Key Credit Card Terms
This is when you move an outstanding balance from one card onto another. If a card has a Balance Transfer Intro Rate it relates to the interest that is applied to the transferred balance and the duration the intro rate is applied for. So for example a 0% balance transfer intro rate for 12 months will mean that no interest will be added to your account for the balance transferred for 12 months from the date the account is opened. To qualify for the introductory rate you will need to transfer your balance within a set period from the account opening, this time limit varies by issuer. When the intro rate ends then you will be charged interest at the cards annual percentage rate (APR).
To ensure you maintain any introductory rates applied to your account you must manage the account in line with the issuer’s terms and conditions. Specifically that means that you must always make at least the minimum payment, on time each month, and must remain within your set credit limit.
Balance Transfer Intro period
This is typically the period you will be offered 0% interest on any balance you move. The duration will vary by provider with the leading rates often reserved for those with excellent credit profiles
Balance Transfer Fee
Sometimes also called a Balance Transfer Handling Fee. This is a charge that is applied if you do move a balance onto your new card. It is usually calculated as a percentage of the balance you wish to transfer, typically it is around 3%. So for example transferring a £2,000 balance onto your new card with a balance transfer handling fee of 3% will incur a charge of £60, this is added to the balance on the card.
This is where you pay for goods or services using your card– it doesn’t include things like cash withdrawals, cash advances or money transfers.
Purchase Introductory Rate
This relates to the interest that is applied to any purchases made and the duration that the introductory rate is applied for. So, for example, a 0% purchase introductory rate for 12 months will mean that no interest will be added to your account for any purchases made for 12 months from the date the account is opened. When the introductory rate ends then you will be charged interest at the card's annual percentage rate (APR).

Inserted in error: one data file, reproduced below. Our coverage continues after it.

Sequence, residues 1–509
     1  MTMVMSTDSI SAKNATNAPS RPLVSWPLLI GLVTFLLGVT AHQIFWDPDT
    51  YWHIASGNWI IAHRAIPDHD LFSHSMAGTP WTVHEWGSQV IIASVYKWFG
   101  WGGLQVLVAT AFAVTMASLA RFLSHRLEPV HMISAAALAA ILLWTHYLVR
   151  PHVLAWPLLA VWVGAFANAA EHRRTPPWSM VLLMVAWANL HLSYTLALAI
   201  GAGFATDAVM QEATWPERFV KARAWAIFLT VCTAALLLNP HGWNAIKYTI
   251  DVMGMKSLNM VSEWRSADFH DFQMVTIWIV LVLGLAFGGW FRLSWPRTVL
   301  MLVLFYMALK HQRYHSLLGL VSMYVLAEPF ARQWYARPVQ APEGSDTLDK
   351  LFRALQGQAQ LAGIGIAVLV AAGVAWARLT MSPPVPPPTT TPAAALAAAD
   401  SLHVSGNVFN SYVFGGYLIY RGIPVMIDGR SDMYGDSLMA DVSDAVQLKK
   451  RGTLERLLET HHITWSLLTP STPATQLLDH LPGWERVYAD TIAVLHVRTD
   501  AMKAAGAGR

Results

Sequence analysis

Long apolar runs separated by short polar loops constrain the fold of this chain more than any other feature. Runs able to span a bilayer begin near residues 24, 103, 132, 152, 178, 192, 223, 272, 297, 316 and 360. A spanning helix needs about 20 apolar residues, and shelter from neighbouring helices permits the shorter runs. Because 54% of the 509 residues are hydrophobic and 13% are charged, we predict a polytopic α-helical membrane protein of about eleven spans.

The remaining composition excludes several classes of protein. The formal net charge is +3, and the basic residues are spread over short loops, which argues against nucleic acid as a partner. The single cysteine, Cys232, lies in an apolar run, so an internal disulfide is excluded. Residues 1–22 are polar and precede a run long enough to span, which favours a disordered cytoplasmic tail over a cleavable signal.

To ensure you maintain any introductory rates applied to your account you must manage the account in line with the issuer’s terms and conditions. Specifically, that means that you must always make at least the minimum payment on time each month, and must remain within your set credit limit.
Your current credit limit minus your current outstanding balance.
You obtain a cash advance by using your card to draw cash. Cash advances will invariably attract interest from the moment they are made, so there is no 'interest free' grace period.
Cash Advance Fee
You will also be charged for using your card to draw cash. The charge might be made as a flat-rate fee on each withdrawal or taken as a percentage of the amount of cash advanced.
Cash Advance Rate
This is the rate of interest attracted by your cash advance. Interest is invariably attracted from the moment it is made and the rate of interest for this facility could be higher than the card provider’s standard rate on regular purchases.
Credit Card Issuer
This is the company who processes payments made with the card. The three main issuers are Mastercard, VISA and American Express.
This is the maximum amount that your credit card company will allow as credit i.e. a limit that cannot be exceeded as the balance owing on your credit card.
Joint Account Holder
Unlike an authorised user a Joint Account Holder has the same borrowing privileges as the main account holder, but they too will be responsible for the repayment of the account balance.
This relates to cash advances and is the maximum you can withdraw, either at a cash machine or over the counter at a bank, in any single day.